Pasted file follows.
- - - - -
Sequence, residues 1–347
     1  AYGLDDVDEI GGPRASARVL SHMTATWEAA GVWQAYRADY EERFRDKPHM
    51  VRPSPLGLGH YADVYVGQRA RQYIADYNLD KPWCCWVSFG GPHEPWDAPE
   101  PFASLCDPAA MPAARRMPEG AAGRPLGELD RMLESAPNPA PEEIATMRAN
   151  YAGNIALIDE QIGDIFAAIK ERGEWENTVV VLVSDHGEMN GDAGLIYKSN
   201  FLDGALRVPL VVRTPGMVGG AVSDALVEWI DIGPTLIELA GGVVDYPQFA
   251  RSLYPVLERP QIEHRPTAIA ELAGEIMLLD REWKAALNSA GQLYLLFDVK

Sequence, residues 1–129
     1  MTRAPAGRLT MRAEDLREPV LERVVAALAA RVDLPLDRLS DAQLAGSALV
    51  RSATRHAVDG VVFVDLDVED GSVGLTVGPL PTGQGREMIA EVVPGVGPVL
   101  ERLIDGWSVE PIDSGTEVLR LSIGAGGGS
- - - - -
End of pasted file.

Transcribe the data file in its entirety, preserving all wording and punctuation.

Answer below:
Sequence, residues 1–347
     1  AYGLDDVDEI GGPRASARVL SHMTATWEAA GVWQAYRADY EERFRDKPHM
    51  VRPSPLGLGH YADVYVGQRA RQYIADYNLD KPWCCWVSFG GPHEPWDAPE
   101  PFASLCDPAA MPAARRMPEG AAGRPLGELD RMLESAPNPA PEEIATMRAN
   151  YAGNIALIDE QIGDIFAAIK ERGEWENTVV VLVSDHGEMN GDAGLIYKSN
   201  FLDGALRVPL VVRTPGMVGG AVSDALVEWI DIGPTLIELA GGVVDYPQFA
   251  RSLYPVLERP QIEHRPTAIA ELAGEIMLLD REWKAALNSA GQLYLLFDVK

Sequence, residues 1–129
     1  MTRAPAGRLT MRAEDLREPV LERVVAALAA RVDLPLDRLS DAQLAGSALV
    51  RSATRHAVDG VVFVDLDVED GSVGLTVGPL PTGQGREMIA EVVPGVGPVL
   101  ERLIDGWSVE PIDSGTEVLR LSIGAGGGS